Britain is a net electricity exporter for first time in 44 years

(The Conversation, 13 Jan 2023) Volatile prices in international energy markets sparked unrest throughout 2022, with governments seeking to reduce the impact of unprecedented price increases on their respective economies.

As energy experts focused on how data can be used in the transition to a low-carbon economy, we have closely followed how this volatility has played out in Britain. Full data for the year 2022 is now available and here are a few things we have noticed.

Britain (we talk about Britain and not the UK, as Northern Ireland is part of an integrated Irish electricity grid) saw a 4% drop in electricity demand from 2021 – that’s the third largest year-on-year reduction after 2008 (caused by the shock of the global financial crash) and pandemic-affected 2020. It takes Britain’s overall electricity demand back to values last seen in the 1980s, an 18% reduction from its peak in 2005.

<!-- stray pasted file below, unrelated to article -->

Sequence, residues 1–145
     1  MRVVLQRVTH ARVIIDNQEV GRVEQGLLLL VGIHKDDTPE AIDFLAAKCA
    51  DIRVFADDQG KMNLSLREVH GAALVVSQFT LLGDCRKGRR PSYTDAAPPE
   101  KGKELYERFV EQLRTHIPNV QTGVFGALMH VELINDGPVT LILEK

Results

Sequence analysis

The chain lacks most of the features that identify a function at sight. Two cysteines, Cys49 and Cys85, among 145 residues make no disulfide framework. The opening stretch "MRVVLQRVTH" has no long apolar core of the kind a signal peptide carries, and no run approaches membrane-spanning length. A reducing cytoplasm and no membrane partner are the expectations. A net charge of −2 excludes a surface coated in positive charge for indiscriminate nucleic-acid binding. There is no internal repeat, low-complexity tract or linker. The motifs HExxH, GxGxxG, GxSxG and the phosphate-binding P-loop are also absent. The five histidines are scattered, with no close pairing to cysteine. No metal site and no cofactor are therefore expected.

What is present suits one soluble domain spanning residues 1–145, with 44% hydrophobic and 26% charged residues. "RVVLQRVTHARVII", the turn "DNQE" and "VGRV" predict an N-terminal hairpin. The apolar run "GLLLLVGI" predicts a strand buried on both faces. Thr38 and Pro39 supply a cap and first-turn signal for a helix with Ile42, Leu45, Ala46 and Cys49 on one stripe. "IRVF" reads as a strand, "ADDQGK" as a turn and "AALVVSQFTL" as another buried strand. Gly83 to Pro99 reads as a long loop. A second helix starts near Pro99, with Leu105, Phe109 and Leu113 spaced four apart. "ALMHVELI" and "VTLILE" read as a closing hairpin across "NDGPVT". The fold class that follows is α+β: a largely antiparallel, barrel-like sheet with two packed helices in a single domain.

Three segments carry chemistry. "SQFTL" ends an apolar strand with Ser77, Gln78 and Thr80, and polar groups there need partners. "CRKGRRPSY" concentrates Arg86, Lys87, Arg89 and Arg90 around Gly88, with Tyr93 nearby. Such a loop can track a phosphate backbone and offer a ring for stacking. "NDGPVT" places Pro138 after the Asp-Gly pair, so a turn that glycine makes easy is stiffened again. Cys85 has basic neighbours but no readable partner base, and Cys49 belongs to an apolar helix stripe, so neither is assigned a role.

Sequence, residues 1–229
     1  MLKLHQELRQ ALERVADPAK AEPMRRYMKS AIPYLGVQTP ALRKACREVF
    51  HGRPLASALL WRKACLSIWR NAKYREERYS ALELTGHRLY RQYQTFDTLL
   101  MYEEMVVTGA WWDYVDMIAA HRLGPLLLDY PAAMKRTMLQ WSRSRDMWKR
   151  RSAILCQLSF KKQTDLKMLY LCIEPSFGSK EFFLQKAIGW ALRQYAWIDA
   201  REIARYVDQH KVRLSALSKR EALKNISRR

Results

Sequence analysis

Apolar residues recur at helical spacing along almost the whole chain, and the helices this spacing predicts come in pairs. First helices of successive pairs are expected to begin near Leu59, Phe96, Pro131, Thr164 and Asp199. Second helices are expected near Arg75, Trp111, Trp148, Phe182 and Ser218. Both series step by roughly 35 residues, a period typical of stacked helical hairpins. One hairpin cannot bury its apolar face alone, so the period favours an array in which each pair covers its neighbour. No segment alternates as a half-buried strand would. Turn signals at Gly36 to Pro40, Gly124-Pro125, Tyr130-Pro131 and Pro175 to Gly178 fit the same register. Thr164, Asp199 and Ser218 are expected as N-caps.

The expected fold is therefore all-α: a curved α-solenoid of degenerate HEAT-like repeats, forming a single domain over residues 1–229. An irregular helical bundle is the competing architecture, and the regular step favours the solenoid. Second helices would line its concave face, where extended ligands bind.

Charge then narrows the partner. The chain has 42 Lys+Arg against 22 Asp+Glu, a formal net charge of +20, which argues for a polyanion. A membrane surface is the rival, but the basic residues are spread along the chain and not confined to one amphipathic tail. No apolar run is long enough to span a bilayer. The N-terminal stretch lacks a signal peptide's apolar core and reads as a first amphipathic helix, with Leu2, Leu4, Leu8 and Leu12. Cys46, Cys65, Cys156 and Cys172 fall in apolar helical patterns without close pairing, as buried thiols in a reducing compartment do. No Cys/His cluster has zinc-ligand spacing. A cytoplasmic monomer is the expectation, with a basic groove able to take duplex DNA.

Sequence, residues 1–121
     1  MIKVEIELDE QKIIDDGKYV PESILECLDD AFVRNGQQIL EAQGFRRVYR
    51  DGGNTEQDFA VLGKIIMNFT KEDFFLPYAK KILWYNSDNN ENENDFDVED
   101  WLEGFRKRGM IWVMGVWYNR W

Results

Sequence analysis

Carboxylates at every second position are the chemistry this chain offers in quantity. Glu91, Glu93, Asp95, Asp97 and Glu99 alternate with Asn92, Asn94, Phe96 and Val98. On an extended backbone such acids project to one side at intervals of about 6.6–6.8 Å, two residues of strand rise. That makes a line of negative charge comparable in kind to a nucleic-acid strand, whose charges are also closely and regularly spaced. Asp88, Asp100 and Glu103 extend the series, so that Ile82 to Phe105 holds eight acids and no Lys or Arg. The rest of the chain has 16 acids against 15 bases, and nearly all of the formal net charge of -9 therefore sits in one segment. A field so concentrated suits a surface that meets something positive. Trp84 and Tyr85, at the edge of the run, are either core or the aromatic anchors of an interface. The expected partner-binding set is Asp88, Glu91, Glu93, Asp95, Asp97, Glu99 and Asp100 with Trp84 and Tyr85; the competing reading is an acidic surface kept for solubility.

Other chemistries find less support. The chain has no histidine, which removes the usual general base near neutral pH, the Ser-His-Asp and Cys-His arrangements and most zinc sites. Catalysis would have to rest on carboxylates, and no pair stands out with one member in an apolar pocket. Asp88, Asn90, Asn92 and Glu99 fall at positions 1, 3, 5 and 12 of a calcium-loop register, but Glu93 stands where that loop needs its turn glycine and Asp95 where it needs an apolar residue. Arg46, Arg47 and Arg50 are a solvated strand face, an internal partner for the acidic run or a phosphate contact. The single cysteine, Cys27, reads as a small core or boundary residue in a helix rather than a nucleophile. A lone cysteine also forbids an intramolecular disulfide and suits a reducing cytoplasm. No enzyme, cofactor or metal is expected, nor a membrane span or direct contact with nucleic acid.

This time two years ago, we stated that COVID lockdowns meant electricity demand would never be so low again. We got it wrong. In fact, 2022 was the lowest year by some margin (2% lower than 2020). We believe the main factors for this drop were the significant increase in prices, the wider media attention on this, and the wider cost of living crisis.

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The Conversation, 13 Jan 2023: Britain is a net electricity exporter for first time in 44 years